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How do I make custom balloon art? (Not balloon animals)


Hi I was interested in making balloons in different shapes. Similar in make to beach toys or those inflatable chairs. I'm having trouble finding information on how to make them from scratch. I'm assuming they're made of vinyl sheets but I'm not sure of the method to cut and connect them together, or where to obtain those air valves common on all inflatable balloons.

Any information would be great. Thanks!

rickharris6 years ago
latex balloons are made by dipping a shaped former into a tank of coagulant (generally a calcium salt) then into a tank of latex suspended in water - the coag makes the latex clump together round the former.

The wet latex is then dried in an oven for a while before removal from the former. It's actually quite a complex procedure and not one you can easily do on a small garage scale.
frollard6 years ago
Generally it's done with heat, either through:

Conduction - press hot plate onto layered vinyl pvc sheet and it seals, less efficient because vinyl doesn't conduct heat well, so it damages the outermost layer in order to get enough heat to the junction which need to be welded.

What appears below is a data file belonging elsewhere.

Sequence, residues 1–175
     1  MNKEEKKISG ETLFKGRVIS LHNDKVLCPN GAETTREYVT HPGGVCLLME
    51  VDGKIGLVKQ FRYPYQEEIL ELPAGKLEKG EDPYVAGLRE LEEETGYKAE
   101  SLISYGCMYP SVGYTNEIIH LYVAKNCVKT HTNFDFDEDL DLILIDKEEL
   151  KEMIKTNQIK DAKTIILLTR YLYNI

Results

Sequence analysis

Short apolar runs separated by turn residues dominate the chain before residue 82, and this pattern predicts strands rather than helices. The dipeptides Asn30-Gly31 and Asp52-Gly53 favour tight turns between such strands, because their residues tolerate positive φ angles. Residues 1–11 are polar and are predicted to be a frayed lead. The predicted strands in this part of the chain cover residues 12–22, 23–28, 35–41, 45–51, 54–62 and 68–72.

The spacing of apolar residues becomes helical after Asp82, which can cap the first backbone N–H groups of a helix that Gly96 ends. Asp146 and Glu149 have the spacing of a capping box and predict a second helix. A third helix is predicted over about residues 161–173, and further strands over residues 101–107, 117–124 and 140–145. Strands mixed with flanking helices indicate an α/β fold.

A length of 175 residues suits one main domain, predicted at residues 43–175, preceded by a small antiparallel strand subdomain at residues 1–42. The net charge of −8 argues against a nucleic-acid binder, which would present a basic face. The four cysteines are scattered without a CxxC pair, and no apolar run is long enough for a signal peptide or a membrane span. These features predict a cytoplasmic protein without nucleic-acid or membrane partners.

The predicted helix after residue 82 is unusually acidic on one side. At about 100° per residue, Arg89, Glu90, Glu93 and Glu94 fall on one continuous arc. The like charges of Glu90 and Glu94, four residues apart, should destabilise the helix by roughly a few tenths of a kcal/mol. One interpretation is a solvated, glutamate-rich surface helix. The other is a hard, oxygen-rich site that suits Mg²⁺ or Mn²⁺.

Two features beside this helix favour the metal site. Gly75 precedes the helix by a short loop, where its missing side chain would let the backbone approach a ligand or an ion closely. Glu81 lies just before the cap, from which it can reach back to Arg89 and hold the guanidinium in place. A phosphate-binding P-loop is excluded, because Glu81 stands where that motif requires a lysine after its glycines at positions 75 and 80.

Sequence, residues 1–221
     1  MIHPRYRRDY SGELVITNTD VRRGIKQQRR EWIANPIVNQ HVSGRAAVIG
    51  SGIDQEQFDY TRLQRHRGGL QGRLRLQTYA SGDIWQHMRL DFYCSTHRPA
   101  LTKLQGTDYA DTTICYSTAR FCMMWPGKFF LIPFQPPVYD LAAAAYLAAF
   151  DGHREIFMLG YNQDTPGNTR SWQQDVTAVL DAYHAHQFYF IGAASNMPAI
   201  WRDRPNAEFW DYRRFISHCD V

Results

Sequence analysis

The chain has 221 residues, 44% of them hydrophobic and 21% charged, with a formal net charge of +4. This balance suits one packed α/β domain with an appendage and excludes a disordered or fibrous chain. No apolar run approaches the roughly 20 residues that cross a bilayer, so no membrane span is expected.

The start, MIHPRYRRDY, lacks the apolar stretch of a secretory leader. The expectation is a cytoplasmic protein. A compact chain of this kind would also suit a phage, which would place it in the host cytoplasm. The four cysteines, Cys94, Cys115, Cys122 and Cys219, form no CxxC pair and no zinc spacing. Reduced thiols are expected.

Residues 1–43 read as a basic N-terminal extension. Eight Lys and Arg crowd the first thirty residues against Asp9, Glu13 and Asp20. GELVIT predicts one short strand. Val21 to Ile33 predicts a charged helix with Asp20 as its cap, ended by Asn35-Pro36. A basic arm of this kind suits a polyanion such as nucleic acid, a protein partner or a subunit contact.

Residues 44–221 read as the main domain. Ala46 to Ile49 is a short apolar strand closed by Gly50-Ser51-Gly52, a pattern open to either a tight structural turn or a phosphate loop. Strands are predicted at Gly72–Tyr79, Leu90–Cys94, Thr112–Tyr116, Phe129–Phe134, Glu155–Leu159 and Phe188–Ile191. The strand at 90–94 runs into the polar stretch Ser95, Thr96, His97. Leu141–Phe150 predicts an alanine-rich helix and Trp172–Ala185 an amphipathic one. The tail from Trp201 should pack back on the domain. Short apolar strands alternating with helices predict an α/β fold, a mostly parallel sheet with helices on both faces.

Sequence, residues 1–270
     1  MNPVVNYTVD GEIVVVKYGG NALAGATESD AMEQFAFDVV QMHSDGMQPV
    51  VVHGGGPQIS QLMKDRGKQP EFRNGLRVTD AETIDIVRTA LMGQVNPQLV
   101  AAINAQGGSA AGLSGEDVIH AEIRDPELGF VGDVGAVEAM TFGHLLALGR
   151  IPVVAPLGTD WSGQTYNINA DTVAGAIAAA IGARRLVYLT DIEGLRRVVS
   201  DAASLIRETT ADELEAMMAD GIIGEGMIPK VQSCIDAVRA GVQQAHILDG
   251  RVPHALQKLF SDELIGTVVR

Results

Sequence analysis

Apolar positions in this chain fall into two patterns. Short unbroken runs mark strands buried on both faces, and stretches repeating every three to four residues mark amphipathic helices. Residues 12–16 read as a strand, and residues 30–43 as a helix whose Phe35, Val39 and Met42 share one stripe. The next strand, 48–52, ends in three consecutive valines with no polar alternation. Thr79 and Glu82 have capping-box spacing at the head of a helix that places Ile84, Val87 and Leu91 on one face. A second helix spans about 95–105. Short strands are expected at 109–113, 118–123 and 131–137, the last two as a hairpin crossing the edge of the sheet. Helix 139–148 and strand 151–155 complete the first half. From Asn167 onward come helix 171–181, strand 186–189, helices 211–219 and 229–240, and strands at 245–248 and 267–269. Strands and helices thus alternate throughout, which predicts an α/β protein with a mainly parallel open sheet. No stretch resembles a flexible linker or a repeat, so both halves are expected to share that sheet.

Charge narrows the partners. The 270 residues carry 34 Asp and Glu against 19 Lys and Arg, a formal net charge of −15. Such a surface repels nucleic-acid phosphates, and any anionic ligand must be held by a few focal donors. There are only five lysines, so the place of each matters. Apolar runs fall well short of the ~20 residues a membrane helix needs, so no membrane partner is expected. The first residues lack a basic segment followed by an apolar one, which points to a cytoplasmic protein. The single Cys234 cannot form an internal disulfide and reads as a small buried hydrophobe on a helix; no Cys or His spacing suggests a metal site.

Friction - Ultrasonic dies compress the seams and vibrate at such high speed to cause the rubbing joint to melt from friction, instantly fusing them. Much more efficient because the heat is generated at the junction, not on the outside.

Radiation - Similar to the friction process, a shaped die is pressed onto the layers, and a finely tuned gigahertz frequency power is applied. This functions very similar to how a microwave boils water, literally vibrating the molecules with radiation, causing them to heat and fuse. It is a different frequency than water because it needs to be tuned to the harmonic frequency of the material being fused.


Lastly, there is adhesive or chemical welding - playing on the idea that you can either adhere to the surfaces with glue, or use a solvent that temporarily reverts the surface of the pvc to its dissolved liquid state, allowing it to mingle with the other polymer strands in the joint, and when the solvent evaporates, you are left with a single joint.

All of the above 'heating' methods take a lot of work and are rather difficult in practice, requiring huge machinery and dies for a specific design. The chemical method can be done rather painstakingly by hand gluing the seams one at a time.